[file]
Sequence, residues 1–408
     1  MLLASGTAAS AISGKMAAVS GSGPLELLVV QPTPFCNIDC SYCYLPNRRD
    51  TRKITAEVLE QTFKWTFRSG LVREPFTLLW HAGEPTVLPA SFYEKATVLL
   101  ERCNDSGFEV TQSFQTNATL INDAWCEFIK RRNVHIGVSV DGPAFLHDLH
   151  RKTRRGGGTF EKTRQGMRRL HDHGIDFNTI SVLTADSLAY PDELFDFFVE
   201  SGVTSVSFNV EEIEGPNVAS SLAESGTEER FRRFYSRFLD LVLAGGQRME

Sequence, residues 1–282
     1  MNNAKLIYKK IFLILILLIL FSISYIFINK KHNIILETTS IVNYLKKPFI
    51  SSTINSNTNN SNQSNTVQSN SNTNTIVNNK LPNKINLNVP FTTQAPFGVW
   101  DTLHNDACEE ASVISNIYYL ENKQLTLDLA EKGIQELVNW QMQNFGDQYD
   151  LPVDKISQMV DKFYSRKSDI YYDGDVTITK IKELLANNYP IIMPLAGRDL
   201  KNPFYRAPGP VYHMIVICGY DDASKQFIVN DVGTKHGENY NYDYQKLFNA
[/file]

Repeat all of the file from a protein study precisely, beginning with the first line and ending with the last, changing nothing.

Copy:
Sequence, residues 1–408
     1  MLLASGTAAS AISGKMAAVS GSGPLELLVV QPTPFCNIDC SYCYLPNRRD
    51  TRKITAEVLE QTFKWTFRSG LVREPFTLLW HAGEPTVLPA SFYEKATVLL
   101  ERCNDSGFEV TQSFQTNATL INDAWCEFIK RRNVHIGVSV DGPAFLHDLH
   151  RKTRRGGGTF EKTRQGMRRL HDHGIDFNTI SVLTADSLAY PDELFDFFVE
   201  SGVTSVSFNV EEIEGPNVAS SLAESGTEER FRRFYSRFLD LVLAGGQRME

Sequence, residues 1–282
     1  MNNAKLIYKK IFLILILLIL FSISYIFINK KHNIILETTS IVNYLKKPFI
    51  SSTINSNTNN SNQSNTVQSN SNTNTIVNNK LPNKINLNVP FTTQAPFGVW
   101  DTLHNDACEE ASVISNIYYL ENKQLTLDLA EKGIQELVNW QMQNFGDQYD
   151  LPVDKISQMV DKFYSRKSDI YYDGDVTITK IKELLANNYP IIMPLAGRDL
   201  KNPFYRAPGP VYHMIVICGY DDASKQFIVN DVGTKHGENY NYDYQKLFNA